My beloved city of Ashdod has been under siege this morning.
The first Red Alert siren was at 5:45 AM - we could here two muffled explosions from about a mile outside of town in an open area.
The second Red Alert was at 7:45 AM; I was praying Shacharit with the Melitzer Rebbe's minyan. Again, we heard another muffled explosion from about a mile outside of town, once more in an open area.
The third Red Alert was at 8:14 AM; this time we heard two strong explosions and a third which made the floor shudder. The second explosion was a GRAD missile that landed about 800 meters from my home in the courtyard of the "Lev Simcha" Gerrer Yeshiva. At this time, we know of two very seriously injured and 8 more with light shrapnel wounds. The third was a miracle - a GRAD rocket that went through the roof of a Gerrer Synagogue and crashed through the floor in the middle of morning prayers, but didn't explode! The magnitude of this miracle is mind-boggling - one shudders to think what would have happened if it had exploded."
For those living in the environs of Israel’s southern coastal plain, a Red Alert is not to be trifled with. When the sirens go off everyone goes to a shelter without being told.
An obvious no-brainer, is it not?
The truth is that the odds of the rocket hurting anyone in general are statistically low, while the odds of any specific person suffering an injury or worse are beyond extremely low. Nevertheless, anyone with an ounce of sense seeks a place of safety.
So if it’s all a matter of common sense then how come so few of us run for shelter when the shofar sounds the Red Alert of Elul?
And we’re not talking statistical probabilities here. The Red Alert of Elul is all about the 100% life and death certainty of the Yom HaDin. And yet, the stampede heading for cover toward Hashem’s gift of Teshuva is somewhat less than life threatening.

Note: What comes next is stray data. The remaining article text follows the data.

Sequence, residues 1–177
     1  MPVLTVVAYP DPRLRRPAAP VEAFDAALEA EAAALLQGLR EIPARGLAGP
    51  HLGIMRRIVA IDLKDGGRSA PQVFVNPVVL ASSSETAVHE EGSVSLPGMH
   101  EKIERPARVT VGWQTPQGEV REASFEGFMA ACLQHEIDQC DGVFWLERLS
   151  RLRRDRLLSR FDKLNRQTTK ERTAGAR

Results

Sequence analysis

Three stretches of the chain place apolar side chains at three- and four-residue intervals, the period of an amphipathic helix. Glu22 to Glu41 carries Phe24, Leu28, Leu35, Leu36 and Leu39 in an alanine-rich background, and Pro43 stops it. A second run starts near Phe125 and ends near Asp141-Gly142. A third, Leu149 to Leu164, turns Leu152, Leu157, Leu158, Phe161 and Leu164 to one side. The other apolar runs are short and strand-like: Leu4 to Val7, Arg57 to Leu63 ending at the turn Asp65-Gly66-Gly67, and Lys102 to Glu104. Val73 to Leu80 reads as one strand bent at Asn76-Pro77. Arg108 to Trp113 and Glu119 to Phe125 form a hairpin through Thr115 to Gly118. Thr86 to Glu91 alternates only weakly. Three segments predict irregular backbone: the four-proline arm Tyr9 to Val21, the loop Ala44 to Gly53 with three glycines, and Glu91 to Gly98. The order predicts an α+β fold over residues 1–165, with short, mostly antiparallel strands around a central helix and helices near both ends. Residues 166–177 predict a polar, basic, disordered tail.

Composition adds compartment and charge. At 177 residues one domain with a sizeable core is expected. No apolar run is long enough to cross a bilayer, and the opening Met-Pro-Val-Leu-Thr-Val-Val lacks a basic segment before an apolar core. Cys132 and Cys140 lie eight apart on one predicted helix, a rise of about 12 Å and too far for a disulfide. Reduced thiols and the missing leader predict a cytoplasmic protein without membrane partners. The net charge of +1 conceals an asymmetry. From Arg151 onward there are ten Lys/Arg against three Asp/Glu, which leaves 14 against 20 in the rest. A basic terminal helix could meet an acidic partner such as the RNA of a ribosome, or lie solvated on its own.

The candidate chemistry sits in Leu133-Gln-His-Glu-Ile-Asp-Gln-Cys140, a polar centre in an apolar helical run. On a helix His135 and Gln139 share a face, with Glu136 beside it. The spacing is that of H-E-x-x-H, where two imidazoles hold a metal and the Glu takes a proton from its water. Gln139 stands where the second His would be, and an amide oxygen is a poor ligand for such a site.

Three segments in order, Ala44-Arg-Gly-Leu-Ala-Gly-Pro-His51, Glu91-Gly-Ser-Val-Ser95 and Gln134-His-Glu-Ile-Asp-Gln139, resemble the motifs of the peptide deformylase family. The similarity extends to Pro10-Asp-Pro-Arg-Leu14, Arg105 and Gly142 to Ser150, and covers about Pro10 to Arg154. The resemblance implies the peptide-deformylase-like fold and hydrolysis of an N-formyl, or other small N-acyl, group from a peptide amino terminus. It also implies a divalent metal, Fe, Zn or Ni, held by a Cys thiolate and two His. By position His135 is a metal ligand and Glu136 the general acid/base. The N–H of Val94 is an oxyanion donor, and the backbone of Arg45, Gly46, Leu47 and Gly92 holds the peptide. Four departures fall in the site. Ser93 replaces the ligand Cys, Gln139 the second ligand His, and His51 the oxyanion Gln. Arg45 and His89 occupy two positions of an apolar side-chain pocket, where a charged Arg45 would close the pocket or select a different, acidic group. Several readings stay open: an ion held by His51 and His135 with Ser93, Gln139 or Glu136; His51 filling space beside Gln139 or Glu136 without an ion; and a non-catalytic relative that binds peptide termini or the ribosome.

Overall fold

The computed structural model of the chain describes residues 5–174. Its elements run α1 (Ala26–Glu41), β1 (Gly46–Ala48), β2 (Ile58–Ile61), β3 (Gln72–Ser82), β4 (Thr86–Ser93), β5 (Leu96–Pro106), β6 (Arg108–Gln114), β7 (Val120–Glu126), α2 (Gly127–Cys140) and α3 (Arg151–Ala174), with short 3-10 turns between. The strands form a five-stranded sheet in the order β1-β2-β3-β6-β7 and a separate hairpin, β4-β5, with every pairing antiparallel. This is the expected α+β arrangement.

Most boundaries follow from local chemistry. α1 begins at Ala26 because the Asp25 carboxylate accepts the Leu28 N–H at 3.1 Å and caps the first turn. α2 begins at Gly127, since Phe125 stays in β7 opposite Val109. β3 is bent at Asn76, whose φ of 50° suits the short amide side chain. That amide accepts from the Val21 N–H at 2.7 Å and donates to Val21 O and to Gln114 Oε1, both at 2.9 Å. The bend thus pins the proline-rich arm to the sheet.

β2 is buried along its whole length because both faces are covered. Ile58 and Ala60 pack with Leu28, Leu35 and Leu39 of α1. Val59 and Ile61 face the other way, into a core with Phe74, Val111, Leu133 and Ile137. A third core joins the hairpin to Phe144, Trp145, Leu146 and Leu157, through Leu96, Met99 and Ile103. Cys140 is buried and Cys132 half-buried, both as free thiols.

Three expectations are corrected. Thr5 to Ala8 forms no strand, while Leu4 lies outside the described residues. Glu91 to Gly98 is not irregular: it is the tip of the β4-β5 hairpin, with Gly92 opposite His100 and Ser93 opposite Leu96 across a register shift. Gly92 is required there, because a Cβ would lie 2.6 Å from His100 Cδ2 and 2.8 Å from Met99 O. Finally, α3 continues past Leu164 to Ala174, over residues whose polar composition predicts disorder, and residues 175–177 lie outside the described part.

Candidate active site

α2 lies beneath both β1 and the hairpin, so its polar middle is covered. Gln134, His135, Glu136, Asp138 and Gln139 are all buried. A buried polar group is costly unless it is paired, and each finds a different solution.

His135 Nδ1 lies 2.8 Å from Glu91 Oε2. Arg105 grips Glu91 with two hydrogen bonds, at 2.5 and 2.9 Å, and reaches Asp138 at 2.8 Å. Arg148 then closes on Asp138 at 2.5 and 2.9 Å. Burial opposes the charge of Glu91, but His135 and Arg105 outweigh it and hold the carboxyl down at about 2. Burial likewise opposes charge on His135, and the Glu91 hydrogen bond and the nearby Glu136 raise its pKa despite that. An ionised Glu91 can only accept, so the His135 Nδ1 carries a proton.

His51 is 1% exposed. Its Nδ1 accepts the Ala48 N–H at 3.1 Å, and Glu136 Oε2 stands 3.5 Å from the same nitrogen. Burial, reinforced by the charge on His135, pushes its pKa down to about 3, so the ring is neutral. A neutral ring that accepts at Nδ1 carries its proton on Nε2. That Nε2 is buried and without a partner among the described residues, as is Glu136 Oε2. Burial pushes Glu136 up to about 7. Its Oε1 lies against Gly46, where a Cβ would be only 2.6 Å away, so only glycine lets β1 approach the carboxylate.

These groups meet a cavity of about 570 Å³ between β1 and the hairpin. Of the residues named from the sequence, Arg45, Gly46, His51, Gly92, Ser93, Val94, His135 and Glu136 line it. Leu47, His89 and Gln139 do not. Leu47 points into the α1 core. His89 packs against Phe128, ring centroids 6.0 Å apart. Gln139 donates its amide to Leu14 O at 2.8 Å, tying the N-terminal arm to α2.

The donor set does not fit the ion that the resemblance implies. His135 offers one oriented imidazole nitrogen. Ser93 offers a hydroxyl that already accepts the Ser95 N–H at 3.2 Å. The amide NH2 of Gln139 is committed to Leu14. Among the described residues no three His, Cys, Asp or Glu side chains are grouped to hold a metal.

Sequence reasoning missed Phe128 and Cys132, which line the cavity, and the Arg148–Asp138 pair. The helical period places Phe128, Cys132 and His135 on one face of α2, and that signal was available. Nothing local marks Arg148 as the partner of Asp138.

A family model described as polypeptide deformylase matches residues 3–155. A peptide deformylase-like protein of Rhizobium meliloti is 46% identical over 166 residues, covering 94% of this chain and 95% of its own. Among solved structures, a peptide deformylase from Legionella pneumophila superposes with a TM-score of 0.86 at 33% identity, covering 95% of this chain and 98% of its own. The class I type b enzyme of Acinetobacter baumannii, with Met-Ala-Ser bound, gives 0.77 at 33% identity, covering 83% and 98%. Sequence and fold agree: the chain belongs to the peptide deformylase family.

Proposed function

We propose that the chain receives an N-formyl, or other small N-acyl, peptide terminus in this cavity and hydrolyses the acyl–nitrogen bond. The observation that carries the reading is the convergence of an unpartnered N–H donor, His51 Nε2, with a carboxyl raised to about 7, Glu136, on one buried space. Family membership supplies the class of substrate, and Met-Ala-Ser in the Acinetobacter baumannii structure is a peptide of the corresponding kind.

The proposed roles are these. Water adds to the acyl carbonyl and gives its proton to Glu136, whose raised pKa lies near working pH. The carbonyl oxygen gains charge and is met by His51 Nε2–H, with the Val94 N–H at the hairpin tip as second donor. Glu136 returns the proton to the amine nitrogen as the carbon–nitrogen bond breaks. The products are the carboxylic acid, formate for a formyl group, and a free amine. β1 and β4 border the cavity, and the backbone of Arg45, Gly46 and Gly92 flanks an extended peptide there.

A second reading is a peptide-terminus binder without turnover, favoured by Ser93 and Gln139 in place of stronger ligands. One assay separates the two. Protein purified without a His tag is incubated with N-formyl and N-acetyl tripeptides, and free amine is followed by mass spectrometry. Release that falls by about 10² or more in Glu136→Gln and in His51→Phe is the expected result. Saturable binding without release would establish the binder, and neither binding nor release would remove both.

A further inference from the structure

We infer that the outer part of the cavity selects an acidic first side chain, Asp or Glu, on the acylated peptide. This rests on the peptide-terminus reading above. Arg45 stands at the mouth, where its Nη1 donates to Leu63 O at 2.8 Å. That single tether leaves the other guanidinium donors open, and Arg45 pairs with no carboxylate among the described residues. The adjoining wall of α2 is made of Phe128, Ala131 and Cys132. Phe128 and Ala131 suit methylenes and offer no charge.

From this we learn that common sense is not all that common nor is it always sensible.
The give and take of our daily existence has been something of rocky road as of late. Tragic murders committed by our own, terrorist murders committed by the usual suspects, the placement of what was once the world’s richest and greatest country on a road leading to a Third World existence, and a seemingly unending spectacle of the Ribbono Shel Olam’s koach as manifested in “Nature” all over the world, including a local appearance in the form of an earthquake, with the serious possibility of a devastating hurricane following in its wake only 72 hours down the road, have all taken a toll on our equilibrium.
In EmunahSpeak: Now We Know, we said in response to the murder of little Leiby Kletzky, a"h:
“Everyone seems to be in agreement with the suggestion that we should all take on something, be it increased tzeddakah, a commitment to work on a given middah, Shimiras HaLoshon or anything else that will strengthen our Yiddishkeit."
To that we added the following:
“Maybe we should be taking on two somethings rather than one. The first, which is reactive to the potch, conveys our understanding that Hashem is very upset with us, our present confusion as to the details notwithstanding.
That second something is proactive and carries a simple message:
Please, Hashem, let there be no next time.”
In light of all the tragedies that have both subsequently befallen us and are presently hovering over us (Hashem should protect us) coupled with the very unraveling of the secure world we have known these past sixty plus years, “taking on something” doesn’t quite hack it anymore.
Events have moved so rapidly that even the suggestion to take on “two somethings,” a suggestion which I thought was a big deal at the time (merely a month ago) doesn’t come close to addressing our predicament as it presently exists at street level.
The days where we could throw Hashem a bone so to speak and go about our business are over.
On Tisha B’Av I was zoche to hear Rabbi Paysach Krohn say something that can be applied to the situation at hand. He said, "that there are no "one size fits all" solutions to what we lack as a community. Rather, everyone has a unique knowledge of oneself and knows exactly what he or she needs to work on."
Sometimes the simplest things are in reality the most profound.
The Red Alert of Elul speaks to our heart not our ears, and given the tenor of the times in which we live, it requires each of us to put more than a little “something” on the table. Taking our cue from Rabbi Krohn we all have to look within ourselves with laser like penetration at everything, not just something, and then take on as much as we can handle, each and everyone according to his strength of character.